A Bundesbank board member warned Thursday of risks for taxpayers in leveraging the EU's debt bailout fund and said assigning it a lower credit rating would be a better way of boosting its firepower.
"Everybody must be clear on this -- leveraging mechanisms increase the risks for the taxpayer," said Andreas Dombret, a member of the German central bank's executive board.
"Contrary to leverage, giving up on the best rating possible would mean the risks for the taxpayer would be lower," Dombret said in a speech in Berlin.
"Forgoing the (top) AAA rating would clear the way for an increase in the EFSF’s lending capacity."
Europe is looking for ways to beef up the European Financial Stability Facility (EFSF) to prevent the eurozone debt crisis from spreading but its lending capacity is currently limited to 440 billion euros ($602 billion), which experts do not believe is enough.
In order for the EFSF to have a triple-A rating, eurozone governments must guarantee it several times over, so lowering the rating would in effect relax those guarantees and so free up more cash.
Dombret calculated that the EFSF's lending capacity could be increased by 250 billion euros just by assigning it a double-A instead of triple-A rating.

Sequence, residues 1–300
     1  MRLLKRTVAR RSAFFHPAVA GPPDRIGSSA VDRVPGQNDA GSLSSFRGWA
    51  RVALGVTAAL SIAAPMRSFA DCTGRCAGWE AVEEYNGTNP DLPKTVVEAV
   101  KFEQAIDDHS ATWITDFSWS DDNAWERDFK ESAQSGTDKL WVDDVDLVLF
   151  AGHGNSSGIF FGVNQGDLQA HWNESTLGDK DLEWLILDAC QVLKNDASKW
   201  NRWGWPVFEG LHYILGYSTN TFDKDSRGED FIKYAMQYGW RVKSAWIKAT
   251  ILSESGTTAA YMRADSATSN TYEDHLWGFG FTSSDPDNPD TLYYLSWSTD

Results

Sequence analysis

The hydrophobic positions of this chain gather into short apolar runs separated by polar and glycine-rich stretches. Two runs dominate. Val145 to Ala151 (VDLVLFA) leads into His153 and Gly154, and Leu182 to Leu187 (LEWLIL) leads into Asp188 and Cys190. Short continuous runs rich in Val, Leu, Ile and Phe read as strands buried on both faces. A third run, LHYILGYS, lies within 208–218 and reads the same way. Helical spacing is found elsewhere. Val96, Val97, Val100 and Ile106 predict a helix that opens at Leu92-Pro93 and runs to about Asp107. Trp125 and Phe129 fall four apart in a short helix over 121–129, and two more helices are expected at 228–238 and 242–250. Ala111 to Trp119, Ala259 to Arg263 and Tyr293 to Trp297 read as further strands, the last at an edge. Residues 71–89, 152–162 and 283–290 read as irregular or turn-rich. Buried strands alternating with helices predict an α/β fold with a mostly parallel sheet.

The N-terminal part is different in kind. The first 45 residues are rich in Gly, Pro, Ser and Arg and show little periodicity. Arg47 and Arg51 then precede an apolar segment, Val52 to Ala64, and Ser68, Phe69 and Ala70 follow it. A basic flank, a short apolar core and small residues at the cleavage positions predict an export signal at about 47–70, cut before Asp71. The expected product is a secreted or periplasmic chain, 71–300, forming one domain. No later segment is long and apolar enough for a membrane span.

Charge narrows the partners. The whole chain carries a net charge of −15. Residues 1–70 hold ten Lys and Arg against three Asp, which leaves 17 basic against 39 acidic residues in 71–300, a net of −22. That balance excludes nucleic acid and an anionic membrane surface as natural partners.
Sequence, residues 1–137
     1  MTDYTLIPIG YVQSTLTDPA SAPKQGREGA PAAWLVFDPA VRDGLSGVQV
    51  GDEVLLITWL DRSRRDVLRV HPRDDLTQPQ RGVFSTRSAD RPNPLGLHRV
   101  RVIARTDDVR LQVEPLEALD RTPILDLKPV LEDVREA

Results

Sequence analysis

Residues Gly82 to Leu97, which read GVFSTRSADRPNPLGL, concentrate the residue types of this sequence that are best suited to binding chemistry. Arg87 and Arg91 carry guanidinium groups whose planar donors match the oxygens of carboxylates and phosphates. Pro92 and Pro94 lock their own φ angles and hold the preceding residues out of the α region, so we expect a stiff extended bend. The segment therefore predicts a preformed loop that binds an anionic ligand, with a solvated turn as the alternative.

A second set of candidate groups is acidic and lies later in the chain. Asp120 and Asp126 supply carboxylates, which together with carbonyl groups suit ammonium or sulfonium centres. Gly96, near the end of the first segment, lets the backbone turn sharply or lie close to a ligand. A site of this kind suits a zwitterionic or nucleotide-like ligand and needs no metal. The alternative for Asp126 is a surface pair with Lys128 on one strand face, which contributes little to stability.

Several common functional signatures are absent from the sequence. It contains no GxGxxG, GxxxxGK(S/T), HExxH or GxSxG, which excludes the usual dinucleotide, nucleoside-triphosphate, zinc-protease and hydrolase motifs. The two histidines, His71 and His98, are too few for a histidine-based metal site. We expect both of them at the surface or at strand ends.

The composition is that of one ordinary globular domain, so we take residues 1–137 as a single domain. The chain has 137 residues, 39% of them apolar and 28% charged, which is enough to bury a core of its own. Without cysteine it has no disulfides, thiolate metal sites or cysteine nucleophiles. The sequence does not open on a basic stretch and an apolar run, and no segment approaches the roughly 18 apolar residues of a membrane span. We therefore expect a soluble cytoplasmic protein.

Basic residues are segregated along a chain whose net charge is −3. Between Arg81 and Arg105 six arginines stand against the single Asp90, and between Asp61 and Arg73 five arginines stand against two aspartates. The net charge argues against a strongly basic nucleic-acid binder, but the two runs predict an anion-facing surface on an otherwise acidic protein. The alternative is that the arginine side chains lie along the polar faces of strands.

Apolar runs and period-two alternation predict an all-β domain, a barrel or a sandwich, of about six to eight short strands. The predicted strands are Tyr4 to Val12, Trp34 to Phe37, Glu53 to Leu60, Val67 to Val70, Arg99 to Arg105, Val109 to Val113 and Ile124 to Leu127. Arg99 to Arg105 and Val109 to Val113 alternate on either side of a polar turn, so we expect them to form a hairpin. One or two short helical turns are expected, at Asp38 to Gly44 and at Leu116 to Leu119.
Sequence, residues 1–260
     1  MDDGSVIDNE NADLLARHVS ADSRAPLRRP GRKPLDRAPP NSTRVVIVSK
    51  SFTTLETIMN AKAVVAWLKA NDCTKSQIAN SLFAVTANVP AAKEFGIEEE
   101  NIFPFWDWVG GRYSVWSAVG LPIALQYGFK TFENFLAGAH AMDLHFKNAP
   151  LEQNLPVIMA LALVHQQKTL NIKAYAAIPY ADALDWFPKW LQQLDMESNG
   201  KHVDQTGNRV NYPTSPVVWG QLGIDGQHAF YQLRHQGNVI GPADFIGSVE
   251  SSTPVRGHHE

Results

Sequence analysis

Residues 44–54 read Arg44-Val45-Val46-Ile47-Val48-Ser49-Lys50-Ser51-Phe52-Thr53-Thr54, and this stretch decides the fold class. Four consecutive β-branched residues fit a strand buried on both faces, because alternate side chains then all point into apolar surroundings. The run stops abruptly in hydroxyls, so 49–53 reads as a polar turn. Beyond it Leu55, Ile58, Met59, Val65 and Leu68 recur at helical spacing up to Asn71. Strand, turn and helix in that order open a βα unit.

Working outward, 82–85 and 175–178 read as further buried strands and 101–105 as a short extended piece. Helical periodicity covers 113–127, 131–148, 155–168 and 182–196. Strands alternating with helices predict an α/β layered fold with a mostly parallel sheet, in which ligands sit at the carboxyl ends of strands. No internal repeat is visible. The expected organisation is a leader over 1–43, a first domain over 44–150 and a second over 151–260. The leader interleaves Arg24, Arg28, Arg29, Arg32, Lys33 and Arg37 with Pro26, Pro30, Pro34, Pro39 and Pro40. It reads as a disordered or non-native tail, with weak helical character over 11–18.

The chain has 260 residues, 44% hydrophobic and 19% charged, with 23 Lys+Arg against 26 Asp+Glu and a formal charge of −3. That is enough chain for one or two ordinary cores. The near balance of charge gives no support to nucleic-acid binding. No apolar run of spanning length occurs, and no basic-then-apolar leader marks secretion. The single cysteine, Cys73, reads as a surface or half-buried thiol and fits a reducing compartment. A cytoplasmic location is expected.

In addition, a lower rating would lead to higher refinancing costs for the EFSF but this would be borne by the country receiving the aid.
That would therefore provide an incentive for the country in question to lower its debt and return to funding from financial markets as soon as possible, Dombret argued.
There is deep division among EU members over how best to increase the fund's firepower, with Germany reportedly mulling a second postponement of a make-or-break EU summit this weekend until agreement can be reached.
"The federal government no longer rules out a postponement of the summit in Brussels due to the faltering talks over the so-called leveraging of the euro rescue fund," the Die Welt daily said in a pre-release of Friday's edition.
The summit was originally scheduled for October 17-18 but it was postponed to Sunday to give officials more time to prepare what has been billed as a "comprehensive plan" to save the euro.